LONDON (Reuters) - BP BP.L on Thursday estimated costs from its deadly 2010 Gulf of Mexico spill will total $61.6 billion (46.2 billion pounds) after it agreed to a new $5.2 billion charge it said largely drew claims to a close.
The company said it will record an after-tax charge of around $2.5 billion in its second quarter as a result of the latest charge.
This comes more than a year after the British oil and gas company agreed to pay up to $18.7 billion in penalties to the U.S. government and five states to resolve most claims from the spill in the largest corporate settlement in U.S. history.
The company said in a statement on Thursday that the $5.2 billion charge would mark the last major claim and that any further claims would not have a material impact, drawing the Deepwater Horizon incident near a close.
“Over the past few months we’ve made significant progress resolving outstanding Deepwater Horizon claims and today we can estimate all the material liabilities remaining from the incident,” Chief Financial Officer Brian Gilvary said.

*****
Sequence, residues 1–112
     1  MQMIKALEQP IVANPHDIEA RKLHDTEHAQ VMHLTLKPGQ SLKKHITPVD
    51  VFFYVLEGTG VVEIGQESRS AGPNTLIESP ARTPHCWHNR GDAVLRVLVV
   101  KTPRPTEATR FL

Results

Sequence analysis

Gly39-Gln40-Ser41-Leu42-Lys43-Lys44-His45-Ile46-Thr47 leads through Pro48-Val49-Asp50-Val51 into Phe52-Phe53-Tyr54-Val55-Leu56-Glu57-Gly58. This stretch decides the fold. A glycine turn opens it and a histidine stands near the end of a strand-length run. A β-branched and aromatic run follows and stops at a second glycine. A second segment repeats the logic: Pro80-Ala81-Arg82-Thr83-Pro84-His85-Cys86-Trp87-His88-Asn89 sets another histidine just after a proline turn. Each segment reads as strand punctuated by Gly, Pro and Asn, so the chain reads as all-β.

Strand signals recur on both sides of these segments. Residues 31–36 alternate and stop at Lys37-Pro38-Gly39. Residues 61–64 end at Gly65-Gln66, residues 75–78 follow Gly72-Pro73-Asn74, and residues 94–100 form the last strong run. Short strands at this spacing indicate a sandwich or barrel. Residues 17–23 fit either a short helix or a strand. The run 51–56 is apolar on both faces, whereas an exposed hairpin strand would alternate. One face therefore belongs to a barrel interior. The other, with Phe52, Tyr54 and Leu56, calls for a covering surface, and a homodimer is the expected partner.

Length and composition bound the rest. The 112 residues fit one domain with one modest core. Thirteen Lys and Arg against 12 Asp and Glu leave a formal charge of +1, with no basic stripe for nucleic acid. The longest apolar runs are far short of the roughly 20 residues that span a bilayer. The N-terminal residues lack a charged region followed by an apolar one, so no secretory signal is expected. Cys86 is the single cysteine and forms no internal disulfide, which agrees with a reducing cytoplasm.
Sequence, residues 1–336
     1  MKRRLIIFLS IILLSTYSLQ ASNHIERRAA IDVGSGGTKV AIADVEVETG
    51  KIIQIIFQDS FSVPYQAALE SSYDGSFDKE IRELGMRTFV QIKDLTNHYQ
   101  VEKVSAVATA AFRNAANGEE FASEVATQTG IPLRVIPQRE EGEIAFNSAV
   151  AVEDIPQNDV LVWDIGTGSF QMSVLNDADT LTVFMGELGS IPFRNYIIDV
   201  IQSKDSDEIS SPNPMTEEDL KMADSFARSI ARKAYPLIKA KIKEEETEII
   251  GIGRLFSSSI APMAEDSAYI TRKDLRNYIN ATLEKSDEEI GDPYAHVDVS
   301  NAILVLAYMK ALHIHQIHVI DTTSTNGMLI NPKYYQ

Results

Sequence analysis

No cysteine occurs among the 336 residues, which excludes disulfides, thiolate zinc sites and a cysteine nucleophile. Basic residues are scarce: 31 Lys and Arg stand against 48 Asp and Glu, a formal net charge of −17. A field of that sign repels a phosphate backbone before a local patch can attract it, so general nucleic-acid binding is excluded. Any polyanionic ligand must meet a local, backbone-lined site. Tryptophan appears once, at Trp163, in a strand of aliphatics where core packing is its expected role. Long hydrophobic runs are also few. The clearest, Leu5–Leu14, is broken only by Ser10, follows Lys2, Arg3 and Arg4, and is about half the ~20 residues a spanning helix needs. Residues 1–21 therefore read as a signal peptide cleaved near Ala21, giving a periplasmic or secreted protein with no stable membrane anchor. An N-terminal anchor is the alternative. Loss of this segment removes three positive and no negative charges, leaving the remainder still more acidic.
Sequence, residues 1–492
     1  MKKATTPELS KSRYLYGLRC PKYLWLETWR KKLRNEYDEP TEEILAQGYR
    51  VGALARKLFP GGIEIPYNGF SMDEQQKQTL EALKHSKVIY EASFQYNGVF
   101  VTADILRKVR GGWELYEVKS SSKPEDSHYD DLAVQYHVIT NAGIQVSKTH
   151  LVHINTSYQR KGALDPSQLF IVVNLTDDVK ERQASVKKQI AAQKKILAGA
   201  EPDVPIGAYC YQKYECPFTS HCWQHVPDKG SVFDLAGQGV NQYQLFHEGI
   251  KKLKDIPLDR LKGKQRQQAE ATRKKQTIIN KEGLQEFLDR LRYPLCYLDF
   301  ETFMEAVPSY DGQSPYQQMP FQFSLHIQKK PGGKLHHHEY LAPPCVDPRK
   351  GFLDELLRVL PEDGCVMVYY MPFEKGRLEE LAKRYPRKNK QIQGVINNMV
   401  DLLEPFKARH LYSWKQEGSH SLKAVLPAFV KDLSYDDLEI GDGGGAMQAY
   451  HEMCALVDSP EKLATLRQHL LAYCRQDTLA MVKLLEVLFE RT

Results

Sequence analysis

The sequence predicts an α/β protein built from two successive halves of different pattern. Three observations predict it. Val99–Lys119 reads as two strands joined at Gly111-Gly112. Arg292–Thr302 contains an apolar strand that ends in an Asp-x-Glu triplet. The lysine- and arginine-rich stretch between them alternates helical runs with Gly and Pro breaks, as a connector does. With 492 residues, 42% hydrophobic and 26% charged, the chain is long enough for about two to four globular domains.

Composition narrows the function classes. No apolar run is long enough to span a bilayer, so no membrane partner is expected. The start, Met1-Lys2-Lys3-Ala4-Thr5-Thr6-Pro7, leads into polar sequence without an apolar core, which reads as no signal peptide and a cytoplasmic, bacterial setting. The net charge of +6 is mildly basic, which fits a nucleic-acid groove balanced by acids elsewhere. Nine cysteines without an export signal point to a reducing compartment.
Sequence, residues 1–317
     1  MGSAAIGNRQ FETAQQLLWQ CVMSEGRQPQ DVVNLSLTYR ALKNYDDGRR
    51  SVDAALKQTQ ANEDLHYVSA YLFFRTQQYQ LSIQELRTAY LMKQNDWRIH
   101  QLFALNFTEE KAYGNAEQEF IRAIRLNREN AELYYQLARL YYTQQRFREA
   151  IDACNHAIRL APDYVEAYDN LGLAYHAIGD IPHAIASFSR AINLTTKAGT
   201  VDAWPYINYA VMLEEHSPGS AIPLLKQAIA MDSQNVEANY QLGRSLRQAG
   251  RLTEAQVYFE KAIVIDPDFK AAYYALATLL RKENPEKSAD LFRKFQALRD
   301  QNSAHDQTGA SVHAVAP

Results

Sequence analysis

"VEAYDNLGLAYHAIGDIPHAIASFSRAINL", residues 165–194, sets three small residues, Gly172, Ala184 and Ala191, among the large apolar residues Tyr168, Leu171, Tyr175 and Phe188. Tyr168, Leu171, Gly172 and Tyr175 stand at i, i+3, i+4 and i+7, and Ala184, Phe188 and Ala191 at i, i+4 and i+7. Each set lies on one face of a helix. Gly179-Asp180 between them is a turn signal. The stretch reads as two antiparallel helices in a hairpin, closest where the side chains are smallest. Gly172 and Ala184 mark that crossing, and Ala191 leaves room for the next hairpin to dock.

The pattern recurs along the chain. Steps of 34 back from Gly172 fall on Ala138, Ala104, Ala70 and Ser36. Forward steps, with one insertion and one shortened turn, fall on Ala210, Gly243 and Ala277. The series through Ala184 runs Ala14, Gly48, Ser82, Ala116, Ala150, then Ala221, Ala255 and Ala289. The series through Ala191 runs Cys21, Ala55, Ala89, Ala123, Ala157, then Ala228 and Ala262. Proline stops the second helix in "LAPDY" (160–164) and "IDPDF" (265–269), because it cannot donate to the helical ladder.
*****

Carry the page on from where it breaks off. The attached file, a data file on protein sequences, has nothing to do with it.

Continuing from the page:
BP launched a vast divestment programme following the spill and plans to sell more assets in the coming years in order to cover costs.
The rig explosion on April 20, 2010, the worst offshore oil disaster in U.S. history, killed 11 workers and spewed millions of barrels of oil onto the shorelines of several states for nearly three months.
BP said in October it would pay more than $20 billion in fines to resolve nearly all claims from the spill, and estimated that pretax charges related to the spill at $53.8 billion.
BP stock closed down 1.05 percent at 454.65 pence on the London Stock Exchange.
Additional reporting by Vidya L Nathan in Bengaluru
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